I didn't buy any reference materials for my IELTS exams, and do bear in mind that the exam is quite expensive. I am not sure about the fees nowadays, but during 2009, it was around RM 400+, then in 2010, I did read somewhere it increased to RM 500+. I use online resources for my reference. You can just google around the word IELTS, and it can do wonders. I studied during my 1-2 p.m. break in the office, and it was a stressful experience, since I haven't taken a test for such a long time (at that point, my last test was in 2002, for my final exam in MMU).

The grading for IELTS are based on bands, and the highest band is 9, with the lowest band at 0. The scores for every 4 section of IELTS (writing, reading, listening and speaking) are different from each other. The result will be out for the 4 components, but there will be the final average score for the test. The band marks have a variation of +/- of 0.5 for each component.

The bands in IETLS are as follows (source: Wikipedia);

9Expert UserHas full operational command of the language: appropriate, accurate and fluent with complete understanding.
8Very Good UserHas full operational command of the language with only occasional unsystematic inaccuracies and inappropriacies. Misunderstandings may occur in unfamiliar situations. Handles complex detailed argumentation well.
7Good UserHas operational command of the language, though with occasional inaccuracies, inappropriateness and misunderstandings in some situations. Generally handles complex language well and understands detailed reasoning.
6Competent UserHas generally effective command of the language despite some inaccuracies, inappropriacies and misunderstandings. Can use and understand fairly complex language, particularly in familiar situations.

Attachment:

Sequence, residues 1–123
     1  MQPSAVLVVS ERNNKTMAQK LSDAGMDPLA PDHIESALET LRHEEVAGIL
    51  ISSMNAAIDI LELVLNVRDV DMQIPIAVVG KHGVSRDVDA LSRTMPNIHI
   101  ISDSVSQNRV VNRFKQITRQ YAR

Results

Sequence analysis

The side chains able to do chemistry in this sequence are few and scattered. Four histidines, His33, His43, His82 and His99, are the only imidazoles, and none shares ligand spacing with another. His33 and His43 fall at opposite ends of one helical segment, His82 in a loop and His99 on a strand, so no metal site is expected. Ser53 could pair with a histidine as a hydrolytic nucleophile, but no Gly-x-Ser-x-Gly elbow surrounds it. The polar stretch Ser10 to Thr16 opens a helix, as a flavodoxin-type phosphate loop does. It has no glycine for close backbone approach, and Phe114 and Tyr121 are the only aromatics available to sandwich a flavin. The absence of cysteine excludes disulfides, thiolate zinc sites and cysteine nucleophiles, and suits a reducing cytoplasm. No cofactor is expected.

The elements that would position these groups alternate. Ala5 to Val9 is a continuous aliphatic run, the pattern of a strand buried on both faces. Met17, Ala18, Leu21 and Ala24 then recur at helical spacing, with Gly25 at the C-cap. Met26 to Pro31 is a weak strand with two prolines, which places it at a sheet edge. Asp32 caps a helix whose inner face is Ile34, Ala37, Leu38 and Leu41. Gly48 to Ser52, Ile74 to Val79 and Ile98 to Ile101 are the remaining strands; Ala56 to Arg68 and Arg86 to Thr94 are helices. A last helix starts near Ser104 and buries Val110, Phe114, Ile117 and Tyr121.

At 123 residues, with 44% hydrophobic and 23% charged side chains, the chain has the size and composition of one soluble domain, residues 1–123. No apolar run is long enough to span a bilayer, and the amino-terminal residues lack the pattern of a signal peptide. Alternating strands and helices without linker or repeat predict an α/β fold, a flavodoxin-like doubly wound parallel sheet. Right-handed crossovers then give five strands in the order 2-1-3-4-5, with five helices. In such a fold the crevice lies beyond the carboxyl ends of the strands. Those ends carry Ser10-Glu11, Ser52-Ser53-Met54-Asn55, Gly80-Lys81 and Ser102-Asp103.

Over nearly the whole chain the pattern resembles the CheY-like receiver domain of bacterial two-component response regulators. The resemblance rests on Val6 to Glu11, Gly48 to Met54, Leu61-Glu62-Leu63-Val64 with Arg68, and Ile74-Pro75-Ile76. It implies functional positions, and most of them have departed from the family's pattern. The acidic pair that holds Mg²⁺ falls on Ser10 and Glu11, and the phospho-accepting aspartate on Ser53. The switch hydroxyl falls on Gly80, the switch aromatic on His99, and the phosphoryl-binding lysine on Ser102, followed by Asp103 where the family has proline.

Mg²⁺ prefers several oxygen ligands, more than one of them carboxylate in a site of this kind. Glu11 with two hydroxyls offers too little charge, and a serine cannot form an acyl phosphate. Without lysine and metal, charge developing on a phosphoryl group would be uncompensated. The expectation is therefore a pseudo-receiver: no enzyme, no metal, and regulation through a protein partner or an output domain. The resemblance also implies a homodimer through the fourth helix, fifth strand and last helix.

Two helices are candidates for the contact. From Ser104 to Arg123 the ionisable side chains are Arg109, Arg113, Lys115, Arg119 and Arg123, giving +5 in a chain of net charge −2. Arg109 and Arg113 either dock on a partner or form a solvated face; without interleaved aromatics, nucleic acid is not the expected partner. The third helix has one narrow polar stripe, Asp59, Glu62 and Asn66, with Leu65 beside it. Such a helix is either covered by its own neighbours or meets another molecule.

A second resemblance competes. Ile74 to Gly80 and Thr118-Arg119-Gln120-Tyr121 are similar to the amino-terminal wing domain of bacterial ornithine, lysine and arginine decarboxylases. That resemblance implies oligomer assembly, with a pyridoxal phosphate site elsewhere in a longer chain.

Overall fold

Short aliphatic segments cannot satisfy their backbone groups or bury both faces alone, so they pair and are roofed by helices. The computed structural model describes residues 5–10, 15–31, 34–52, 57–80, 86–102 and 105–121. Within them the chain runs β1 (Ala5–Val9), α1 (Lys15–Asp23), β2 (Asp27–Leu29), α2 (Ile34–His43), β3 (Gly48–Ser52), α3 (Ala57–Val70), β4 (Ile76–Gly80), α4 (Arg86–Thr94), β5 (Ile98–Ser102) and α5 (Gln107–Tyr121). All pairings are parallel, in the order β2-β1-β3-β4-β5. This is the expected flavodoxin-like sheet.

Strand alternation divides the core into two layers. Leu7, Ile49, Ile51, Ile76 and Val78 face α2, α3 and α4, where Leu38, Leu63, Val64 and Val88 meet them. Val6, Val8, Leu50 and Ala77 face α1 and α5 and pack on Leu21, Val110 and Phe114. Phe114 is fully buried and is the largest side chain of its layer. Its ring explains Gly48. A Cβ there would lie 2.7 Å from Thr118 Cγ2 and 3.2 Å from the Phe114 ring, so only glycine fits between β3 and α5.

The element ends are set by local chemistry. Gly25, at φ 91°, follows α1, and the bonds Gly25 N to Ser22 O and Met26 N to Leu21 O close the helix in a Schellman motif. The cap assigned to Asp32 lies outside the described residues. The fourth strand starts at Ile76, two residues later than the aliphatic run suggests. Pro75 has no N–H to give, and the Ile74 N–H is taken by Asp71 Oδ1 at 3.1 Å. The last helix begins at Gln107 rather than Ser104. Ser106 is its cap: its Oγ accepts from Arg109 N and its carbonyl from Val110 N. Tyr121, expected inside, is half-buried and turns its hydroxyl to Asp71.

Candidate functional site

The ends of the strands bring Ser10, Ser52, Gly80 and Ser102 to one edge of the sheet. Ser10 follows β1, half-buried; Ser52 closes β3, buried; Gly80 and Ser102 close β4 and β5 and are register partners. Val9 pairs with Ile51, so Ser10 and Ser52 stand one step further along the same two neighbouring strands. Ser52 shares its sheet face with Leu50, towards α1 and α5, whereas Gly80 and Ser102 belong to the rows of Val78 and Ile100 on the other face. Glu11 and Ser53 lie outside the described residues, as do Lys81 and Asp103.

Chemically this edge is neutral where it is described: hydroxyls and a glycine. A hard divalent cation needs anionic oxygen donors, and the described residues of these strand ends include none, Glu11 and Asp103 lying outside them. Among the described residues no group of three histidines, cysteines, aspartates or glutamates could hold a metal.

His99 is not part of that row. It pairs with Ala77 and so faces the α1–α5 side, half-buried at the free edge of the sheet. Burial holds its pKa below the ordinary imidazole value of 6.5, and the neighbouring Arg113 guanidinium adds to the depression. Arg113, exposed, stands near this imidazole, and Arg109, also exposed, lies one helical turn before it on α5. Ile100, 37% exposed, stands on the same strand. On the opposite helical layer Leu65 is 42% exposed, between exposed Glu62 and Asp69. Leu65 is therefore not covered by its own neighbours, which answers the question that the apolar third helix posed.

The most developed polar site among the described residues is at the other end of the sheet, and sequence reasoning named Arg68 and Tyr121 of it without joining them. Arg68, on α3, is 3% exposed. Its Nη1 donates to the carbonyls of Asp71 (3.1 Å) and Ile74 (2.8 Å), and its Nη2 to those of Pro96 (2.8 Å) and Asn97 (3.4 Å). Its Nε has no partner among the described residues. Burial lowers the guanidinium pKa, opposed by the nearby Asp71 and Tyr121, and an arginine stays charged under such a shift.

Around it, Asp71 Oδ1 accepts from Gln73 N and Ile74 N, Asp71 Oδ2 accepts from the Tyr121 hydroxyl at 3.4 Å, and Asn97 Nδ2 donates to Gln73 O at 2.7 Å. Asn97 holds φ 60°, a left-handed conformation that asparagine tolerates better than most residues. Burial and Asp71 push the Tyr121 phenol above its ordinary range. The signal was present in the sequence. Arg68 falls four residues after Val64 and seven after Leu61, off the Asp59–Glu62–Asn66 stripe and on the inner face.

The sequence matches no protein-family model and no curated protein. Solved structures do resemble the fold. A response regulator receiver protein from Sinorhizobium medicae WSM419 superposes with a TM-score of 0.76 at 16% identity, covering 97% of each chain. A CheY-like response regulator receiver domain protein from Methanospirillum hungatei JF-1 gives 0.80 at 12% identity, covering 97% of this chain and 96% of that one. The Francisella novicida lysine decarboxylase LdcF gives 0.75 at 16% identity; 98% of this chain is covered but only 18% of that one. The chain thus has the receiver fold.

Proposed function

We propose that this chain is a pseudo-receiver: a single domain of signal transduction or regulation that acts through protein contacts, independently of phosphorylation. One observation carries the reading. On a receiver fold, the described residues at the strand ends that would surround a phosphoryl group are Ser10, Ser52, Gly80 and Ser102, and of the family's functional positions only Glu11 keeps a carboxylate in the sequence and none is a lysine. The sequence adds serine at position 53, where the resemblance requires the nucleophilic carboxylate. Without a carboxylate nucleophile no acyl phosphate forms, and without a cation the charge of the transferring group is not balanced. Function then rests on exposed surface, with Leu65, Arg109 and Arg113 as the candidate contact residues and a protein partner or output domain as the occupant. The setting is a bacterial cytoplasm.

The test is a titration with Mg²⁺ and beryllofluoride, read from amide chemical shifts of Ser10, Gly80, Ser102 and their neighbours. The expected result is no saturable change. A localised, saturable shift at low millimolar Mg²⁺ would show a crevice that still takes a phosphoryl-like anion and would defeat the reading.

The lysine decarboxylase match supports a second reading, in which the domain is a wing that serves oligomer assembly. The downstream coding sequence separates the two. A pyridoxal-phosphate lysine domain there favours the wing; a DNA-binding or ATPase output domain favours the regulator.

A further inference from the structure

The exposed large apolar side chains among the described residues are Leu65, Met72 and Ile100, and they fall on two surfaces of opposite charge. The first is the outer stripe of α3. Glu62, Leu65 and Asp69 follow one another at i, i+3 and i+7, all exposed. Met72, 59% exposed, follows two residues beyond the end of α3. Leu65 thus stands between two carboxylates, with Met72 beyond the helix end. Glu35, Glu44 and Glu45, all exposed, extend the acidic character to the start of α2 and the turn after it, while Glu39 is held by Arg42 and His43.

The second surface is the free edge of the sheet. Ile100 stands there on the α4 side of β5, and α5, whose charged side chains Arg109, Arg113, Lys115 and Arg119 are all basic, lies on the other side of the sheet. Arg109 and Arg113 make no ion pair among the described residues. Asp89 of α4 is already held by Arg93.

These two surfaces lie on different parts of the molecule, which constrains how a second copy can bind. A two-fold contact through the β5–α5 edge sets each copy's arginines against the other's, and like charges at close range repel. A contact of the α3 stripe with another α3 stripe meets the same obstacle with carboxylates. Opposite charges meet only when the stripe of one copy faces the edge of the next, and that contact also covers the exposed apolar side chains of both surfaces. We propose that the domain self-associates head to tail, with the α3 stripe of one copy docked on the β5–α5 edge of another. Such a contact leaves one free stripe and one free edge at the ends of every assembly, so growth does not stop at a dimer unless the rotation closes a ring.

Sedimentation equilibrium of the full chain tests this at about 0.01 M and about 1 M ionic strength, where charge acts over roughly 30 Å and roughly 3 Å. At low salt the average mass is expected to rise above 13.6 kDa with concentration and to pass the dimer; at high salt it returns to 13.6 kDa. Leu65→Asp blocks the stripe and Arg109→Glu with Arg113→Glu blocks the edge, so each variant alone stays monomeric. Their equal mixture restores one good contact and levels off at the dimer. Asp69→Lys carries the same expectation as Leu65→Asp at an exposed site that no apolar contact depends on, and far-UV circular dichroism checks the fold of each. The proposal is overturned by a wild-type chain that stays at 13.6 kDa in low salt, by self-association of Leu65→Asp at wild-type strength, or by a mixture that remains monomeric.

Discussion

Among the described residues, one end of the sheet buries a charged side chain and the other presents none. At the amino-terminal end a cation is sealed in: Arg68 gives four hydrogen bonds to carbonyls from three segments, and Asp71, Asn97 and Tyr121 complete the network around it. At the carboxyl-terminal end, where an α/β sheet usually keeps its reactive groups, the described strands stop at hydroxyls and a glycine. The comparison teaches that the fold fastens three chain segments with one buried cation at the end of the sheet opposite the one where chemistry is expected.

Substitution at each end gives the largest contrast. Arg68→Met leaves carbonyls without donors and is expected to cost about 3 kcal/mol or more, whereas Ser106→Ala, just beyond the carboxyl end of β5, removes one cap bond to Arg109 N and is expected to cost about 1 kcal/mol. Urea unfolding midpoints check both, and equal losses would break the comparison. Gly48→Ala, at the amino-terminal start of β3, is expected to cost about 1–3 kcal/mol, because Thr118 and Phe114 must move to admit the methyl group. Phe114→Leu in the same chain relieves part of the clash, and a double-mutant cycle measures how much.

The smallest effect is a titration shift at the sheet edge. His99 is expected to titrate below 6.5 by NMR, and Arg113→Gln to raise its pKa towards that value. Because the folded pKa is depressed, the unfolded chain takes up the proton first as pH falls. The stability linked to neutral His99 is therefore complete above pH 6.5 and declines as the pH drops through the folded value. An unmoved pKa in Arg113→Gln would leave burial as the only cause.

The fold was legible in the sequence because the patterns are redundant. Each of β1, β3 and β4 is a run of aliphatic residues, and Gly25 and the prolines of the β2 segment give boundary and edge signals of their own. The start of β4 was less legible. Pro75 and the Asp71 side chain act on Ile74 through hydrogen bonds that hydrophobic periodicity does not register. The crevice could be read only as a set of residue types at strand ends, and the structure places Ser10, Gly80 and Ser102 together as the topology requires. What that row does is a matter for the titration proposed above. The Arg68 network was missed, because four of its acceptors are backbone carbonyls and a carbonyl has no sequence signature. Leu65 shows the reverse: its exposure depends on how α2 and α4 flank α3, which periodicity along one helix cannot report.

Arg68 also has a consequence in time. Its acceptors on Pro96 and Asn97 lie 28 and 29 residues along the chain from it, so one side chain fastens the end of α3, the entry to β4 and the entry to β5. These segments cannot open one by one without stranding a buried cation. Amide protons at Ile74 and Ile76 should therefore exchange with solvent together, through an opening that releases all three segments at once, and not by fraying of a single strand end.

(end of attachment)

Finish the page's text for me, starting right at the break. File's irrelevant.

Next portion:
5Modest userHas partial command of the language, coping with overall meaning in most situations, though is likely to make many mistakes. Should be able to handle basic communication in own field.
4Limited UserBasic competence is limited to familiar situations. Has frequent problems in using complex language.
3Extremely Limited UserConveys and understands only general meaning in very familiar situations.
2Intermittent UserNo real communication is possible except for the most basic information using isolated words or short formulae in familiar situations and to meet immediate needs.
1Non UserEssentially has no ability to use the language beyond possibly a few isolated words.
0Did not attempt the testNo assessable information provided at all.

Since this is just a basic understanding of the score, and most universities require a score between 5.5 to 7.0 for university's placement.

Thus, the 4 sections are divided as follows:

1. Listening section 
This is actually a basic test, the invigilators will play a CD / tape recorder and we need to listen REALLY carefully to it. Usually, there will be conversations between two peoples, and short passages, thus you need to be prepared to have your hearing aid (your ears) to be clean. The invigilator will usually play the conversation / passages twice, thus if you did miss quite a few answers on first listening, do not fret since there will be replay.

The type of questions are objectives and fill in the blanks.

The listening test has 4 sections, with 40 items. The exam lasted for 30 minutes.  

2. Reading section
There are lots of passages to be read, tonnes of it, that if you do not know how to speed read, learn now. It will be useful during the exam. Questions consist of objectives and fill in the blank sections. It was quite hard if you do not read lots of books, since the variation of words in the passages are tremendous. Sometimes, I just went 'Ehhh' at certain points, because I have to reread the passages to get the answers.

What I did was, I read the questions first, then I answer. Trust me, it was much easier that way, so you know you have to search for answers to the questions.

It consist of 3 sections, 40 questions and the exam is 60 minutes.

3. Writing section
Before entering the exam, I did read a lot on essays by other IELTS candidates, thus I also read the comments by the marker to get a better understanding on the mistakes of the essay.

There will be 2 types of questions:

(a) Graph / pie / chart / statistics - any kind of graphic visuals that correlates with numbers, that you have to try and practice writing for all types of visuals.